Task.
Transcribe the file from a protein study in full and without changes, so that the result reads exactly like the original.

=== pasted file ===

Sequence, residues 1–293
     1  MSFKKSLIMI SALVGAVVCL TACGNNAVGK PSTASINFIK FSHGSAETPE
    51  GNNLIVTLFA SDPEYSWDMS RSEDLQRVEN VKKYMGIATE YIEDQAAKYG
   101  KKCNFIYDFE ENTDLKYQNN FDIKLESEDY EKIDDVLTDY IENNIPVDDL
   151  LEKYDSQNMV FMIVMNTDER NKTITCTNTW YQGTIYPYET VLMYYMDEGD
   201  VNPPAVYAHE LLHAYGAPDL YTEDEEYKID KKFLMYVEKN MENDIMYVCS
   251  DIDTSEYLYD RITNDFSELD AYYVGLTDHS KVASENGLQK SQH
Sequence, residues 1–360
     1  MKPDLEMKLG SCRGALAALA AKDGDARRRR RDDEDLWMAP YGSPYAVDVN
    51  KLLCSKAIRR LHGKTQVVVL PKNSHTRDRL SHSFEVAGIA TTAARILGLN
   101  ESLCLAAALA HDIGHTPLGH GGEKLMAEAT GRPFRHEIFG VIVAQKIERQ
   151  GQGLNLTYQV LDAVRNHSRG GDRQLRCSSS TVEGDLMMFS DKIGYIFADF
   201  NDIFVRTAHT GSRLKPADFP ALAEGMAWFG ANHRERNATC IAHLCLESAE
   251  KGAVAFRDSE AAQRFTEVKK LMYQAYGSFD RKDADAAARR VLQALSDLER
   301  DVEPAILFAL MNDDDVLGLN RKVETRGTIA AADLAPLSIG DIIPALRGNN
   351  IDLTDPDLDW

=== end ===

Sequence, residues 1–293
     1  MSFKKSLIMI SALVGAVVCL TACGNNAVGK PSTASINFIK FSHGSAETPE
    51  GNNLIVTLFA SDPEYSWDMS RSEDLQRVEN VKKYMGIATE YIEDQAAKYG
   101  KKCNFIYDFE ENTDLKYQNN FDIKLESEDY EKIDDVLTDY IENNIPVDDL
   151  LEKYDSQNMV FMIVMNTDER NKTITCTNTW YQGTIYPYET VLMYYMDEGD
   201  VNPPAVYAHE LLHAYGAPDL YTEDEEYKID KKFLMYVEKN MENDIMYVCS
   251  DIDTSEYLYD RITNDFSELD AYYVGLTDHS KVASENGLQK SQH
Sequence, residues 1–360
     1  MKPDLEMKLG SCRGALAALA AKDGDARRRR RDDEDLWMAP YGSPYAVDVN
    51  KLLCSKAIRR LHGKTQVVVL PKNSHTRDRL SHSFEVAGIA TTAARILGLN
   101  ESLCLAAALA HDIGHTPLGH GGEKLMAEAT GRPFRHEIFG VIVAQKIERQ
   151  GQGLNLTYQV LDAVRNHSRG GDRQLRCSSS TVEGDLMMFS DKIGYIFADF
   201  NDIFVRTAHT GSRLKPADFP ALAEGMAWFG ANHRERNATC IAHLCLESAE
   251  KGAVAFRDSE AAQRFTEVKK LMYQAYGSFD RKDADAAARR VLQALSDLER
   301  DVEPAILFAL MNDDDVLGLN RKVETRGTIA AADLAPLSIG DIIPALRGNN
   351  IDLTDPDLDW